Likewise we chose to read newspapers and magazines that reflect our point of view – which further validates and strengthens our position.

When Cass Sunstein bought together a group of like-minded people together they made each other’s views more extreme. Likewise when mixed with people of the opposite persuasion it further polarized each side’s position. Sunstein further demonstrated that when people read a balanced article, they are twice as likely to seek out information that supports their current opinion.  Thus even when presented with wider information, we choose to ignore it. A shared perspective breeds increased certainty, comfort, and risk taking towards that viewpoint.

Likewise the Internet was supposed to widen our knowledge base, but instead it tends to cement our current point of view – 85% of blogs link to other blogs who share the same political inclination. The greatest strength of the Internet actually seems to be its ability to connect people who share the same attitudes – irrespective of geography. Whether it’s a love for orchids or an extreme religious sect, the Internet allows people with similar views to connect with other like-minded people globally.

Organizations naturally ‘self select’ people who ‘fit in with map of reality (People with a different point of view get weeded out), leading to a consensual (and closed) view – they see what they want to see and do not see what they do not want to see.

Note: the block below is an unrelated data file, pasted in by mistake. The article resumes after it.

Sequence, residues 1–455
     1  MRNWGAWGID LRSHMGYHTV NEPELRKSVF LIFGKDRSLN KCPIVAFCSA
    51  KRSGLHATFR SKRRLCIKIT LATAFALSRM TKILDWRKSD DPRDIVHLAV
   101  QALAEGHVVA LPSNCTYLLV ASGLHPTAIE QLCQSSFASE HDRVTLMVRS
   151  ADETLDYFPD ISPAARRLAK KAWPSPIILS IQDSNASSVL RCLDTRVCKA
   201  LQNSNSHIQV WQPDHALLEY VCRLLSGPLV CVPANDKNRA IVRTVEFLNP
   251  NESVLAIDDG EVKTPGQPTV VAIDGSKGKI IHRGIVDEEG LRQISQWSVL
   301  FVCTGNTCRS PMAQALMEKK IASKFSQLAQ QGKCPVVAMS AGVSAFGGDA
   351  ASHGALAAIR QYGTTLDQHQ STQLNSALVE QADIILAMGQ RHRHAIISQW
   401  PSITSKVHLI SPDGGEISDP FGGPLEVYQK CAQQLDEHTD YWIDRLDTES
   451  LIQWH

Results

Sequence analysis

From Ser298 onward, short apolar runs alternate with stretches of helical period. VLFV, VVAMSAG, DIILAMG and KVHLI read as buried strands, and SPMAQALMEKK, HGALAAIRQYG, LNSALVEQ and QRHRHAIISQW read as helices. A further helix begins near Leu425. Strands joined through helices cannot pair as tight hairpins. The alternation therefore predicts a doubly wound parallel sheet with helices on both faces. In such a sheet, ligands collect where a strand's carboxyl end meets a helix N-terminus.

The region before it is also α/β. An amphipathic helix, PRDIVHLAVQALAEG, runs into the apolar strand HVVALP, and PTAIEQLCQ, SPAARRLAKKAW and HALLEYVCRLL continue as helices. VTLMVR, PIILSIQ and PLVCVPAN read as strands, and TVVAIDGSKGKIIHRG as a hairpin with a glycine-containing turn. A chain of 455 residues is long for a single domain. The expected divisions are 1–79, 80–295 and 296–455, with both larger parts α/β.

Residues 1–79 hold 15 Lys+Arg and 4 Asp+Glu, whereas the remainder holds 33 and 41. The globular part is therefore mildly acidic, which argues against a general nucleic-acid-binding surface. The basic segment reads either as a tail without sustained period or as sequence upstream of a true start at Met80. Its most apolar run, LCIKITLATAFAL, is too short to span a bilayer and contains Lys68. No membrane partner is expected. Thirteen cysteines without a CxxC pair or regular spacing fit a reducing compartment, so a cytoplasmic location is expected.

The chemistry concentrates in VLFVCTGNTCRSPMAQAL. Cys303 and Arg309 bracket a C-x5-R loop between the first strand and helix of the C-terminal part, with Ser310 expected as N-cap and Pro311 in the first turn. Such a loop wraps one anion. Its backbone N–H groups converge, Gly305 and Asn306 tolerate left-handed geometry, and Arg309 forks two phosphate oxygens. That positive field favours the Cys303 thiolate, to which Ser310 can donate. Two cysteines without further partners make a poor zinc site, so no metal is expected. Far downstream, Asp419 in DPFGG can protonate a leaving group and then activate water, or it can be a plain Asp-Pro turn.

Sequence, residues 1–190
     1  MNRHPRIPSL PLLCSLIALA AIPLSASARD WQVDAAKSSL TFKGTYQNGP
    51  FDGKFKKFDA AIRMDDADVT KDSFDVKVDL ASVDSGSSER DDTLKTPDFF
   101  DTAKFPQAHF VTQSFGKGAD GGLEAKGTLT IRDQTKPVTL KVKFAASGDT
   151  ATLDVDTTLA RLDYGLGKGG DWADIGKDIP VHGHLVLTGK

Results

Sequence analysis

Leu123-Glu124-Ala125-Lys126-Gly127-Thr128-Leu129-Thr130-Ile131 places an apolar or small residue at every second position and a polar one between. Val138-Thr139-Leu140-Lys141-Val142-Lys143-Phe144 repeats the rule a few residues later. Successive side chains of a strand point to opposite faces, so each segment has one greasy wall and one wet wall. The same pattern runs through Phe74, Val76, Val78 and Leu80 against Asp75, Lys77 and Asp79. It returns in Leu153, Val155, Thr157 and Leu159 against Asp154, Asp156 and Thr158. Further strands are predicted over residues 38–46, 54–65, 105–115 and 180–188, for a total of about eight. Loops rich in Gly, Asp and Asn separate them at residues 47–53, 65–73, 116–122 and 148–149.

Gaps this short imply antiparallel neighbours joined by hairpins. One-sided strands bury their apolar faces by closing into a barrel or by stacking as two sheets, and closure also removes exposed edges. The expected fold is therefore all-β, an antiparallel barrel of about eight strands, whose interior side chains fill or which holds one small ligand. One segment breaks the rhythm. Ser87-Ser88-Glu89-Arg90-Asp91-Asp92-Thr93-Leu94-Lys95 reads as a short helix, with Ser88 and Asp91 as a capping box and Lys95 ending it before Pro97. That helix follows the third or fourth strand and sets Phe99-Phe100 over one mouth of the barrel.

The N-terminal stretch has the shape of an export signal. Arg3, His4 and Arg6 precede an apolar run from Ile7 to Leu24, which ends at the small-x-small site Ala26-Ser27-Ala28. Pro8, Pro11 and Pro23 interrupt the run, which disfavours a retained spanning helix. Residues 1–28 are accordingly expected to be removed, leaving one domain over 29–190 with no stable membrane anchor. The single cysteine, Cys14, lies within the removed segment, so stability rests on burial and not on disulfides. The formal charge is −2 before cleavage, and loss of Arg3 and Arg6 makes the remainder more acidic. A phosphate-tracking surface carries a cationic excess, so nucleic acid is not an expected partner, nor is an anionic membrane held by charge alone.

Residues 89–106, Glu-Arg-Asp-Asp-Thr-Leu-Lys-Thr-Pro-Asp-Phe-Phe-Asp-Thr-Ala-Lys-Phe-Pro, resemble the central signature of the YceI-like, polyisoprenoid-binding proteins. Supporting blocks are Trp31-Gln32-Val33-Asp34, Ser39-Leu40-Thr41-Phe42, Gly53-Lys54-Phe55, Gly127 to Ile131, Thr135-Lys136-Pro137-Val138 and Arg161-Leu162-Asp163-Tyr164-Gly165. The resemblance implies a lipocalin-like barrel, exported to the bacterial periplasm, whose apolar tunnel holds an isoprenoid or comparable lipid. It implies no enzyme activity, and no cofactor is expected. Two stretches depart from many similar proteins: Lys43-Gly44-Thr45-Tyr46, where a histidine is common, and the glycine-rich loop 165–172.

Blind to the facts

Love is blind – when we love someone we see them as smarter wittier etc than other people do – we choose to ignore or discount their real faults.

fMRI scanning has revealed parts of the brain used in critical judgment are switched off when deeply in love.

And when presented with ‘facts’ we will often choose to ignore them rather than sway from our point of view. Alan Greenspan was so seduced by his own model of the economic market, even when it was shown to be wrong, he still blamed other reasons rather than his theories. Likewise Tony Blair and WMD.

The denial the Catholic Church (and the Irish people) over child abuse was evidence of the power of belief.  No one wanted to believe that such atrocities were possible. This is clearly a recurring theme that we have witnessed throughout history.

Contradictory information creates imbalance in the body. Neuro chemicals are released that helps delete or distort the divergent data. Information that supports the current belief is conversely rewarded via dopamine release.

Asch ran an experiment where people in a group had to choose which of the lines on the right was the same length as the line on the left. Everyone except for one person was a stooge. When the stooges started saying the wrong answer, the respondents followed suit. The respondents stopped trusting their own senses and relying instead on the ‘wisdom’ of the group.  Of interest, fMRI scans of brains activity found the respondents actually started seeing the wrong length line as the right answer – i.e. they became blind to the truth. Thus people see what they believe and not believe what they see.